The Art of Writing Great Google+ Posts | Copyblogger
Adam Rifkin stashed this in Google+
Demian Farmworth humblebrags:
Now, there are some people on Google+ who have way more followers and get way more shares … but after months of toying with G+ posts (including on our Copyblogger Google+ page), I’ve reached a level of success relative to the 3,000 plus followers I have.
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Below are my favorite notes from the Copyblogger article.
Number 1 is choose a great image:
Fortunately, choosing a good image for non-designers boils down to this: know where to look. Here are some of my favorite places to find interesting images:
Of course you can follow some popular photographers on Google+ like Beau Kahler, Thomas Hawk, or Micaël Reynaud. You can also check out a list of suggested photographers or suggested graphic designers to follow.
Keep in mind when using photographs or images: always ask permission and give credit. In some cases, like on Flickr, you can find images by artists who’ve chosen to share by Creative Commons rather than a conventional copyright.
This advice is useful for ANY blog post, not just Google+.
It's 2013. Don't make a blog post without an image. Period.
Number 2 is keep your headline under 60 characters.
After the image your next task is to write an attention getting headline. Follow all the headline writing rules we’ve taught you … like the four Us:
Note: keep your headline under 60 characters, otherwise it bumps into the second line.
This is also good advice for the text in a tweet with a link.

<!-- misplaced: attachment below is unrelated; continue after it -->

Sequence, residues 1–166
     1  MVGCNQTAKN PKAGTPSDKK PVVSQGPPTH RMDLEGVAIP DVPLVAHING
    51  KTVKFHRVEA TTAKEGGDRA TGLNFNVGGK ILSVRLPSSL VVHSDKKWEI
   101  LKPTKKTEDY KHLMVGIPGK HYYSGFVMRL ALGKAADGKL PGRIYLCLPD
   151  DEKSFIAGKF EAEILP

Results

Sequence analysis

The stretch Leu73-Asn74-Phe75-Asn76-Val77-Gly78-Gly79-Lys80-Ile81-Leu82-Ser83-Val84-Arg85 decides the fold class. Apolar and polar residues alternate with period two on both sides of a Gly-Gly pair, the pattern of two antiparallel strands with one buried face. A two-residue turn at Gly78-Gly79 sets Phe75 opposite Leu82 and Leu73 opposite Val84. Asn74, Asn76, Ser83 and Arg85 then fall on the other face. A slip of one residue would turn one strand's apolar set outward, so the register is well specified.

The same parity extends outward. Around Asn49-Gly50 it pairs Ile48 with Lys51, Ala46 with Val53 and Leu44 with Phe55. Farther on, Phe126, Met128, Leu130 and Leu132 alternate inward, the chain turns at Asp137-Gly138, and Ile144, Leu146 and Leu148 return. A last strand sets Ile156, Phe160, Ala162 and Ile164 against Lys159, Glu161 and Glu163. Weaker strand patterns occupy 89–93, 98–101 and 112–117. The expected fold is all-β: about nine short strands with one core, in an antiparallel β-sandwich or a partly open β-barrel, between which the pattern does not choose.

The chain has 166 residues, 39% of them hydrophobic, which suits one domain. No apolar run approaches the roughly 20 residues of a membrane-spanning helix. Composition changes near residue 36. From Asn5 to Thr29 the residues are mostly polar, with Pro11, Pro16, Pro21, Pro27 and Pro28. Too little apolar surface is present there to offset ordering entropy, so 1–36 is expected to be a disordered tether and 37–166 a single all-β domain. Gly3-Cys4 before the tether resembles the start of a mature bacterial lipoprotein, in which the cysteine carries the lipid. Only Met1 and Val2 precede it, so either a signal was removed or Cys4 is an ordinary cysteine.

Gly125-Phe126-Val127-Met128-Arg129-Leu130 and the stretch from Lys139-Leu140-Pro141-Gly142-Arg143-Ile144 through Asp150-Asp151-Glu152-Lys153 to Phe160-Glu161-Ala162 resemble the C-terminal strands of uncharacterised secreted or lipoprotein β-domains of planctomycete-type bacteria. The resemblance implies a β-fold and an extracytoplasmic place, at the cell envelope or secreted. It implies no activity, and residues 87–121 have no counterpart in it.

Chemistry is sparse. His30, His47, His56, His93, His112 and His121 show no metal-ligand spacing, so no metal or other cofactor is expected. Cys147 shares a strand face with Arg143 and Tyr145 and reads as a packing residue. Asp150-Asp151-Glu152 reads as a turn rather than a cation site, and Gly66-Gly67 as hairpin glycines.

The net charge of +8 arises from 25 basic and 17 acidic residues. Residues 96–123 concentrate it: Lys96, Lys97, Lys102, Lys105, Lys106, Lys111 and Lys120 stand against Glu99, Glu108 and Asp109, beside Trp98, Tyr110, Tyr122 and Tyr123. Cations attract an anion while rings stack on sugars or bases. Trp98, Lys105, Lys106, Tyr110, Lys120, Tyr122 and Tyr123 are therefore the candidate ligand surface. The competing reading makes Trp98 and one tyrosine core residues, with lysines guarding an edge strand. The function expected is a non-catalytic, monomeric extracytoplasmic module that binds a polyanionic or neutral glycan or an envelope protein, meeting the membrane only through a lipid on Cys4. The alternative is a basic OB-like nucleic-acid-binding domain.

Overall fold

The unfortunate consequence of this is that it encourages click bait titles, e.g. BuzzFeed and Upworthy.
Number 3 is to be super careful about your opening sentence.
In the last update, Google changed the layout of posts so that you only see three lines of the original post before you see “Read more” link. In other words, your first sentence has to be a gripping teaser to get people to click “Read More.”
Make every word count.
How to get your first sentence right: Practice.
David Sedaris is one of my favorite writers of first sentences. Read any anthology of his essays and you can’t ignore his first sentences. His approach boils down to this:
- Find the hook.
- Get rid of the first paragraph. Most of the time the first one hundred words you write are sacrificed so you can get to the point. Consider those words warm up.
- Type out a list of great first lines. Make this a long list. Grab a list of the 50 best opening lines of movies. 100 best lines from books. You can even loot some of the best opening lines from rap songs. This will get you to concentrate and absorb the elements of the sentence.
- Review your list every time you write a first sentence.
Just like in copywriting, your first sentence is one of the most important elements of your Google+ post.
Thank you, Dr Farnworth, I will do my best to practice.
#14 avoid the obvious is quite difficult.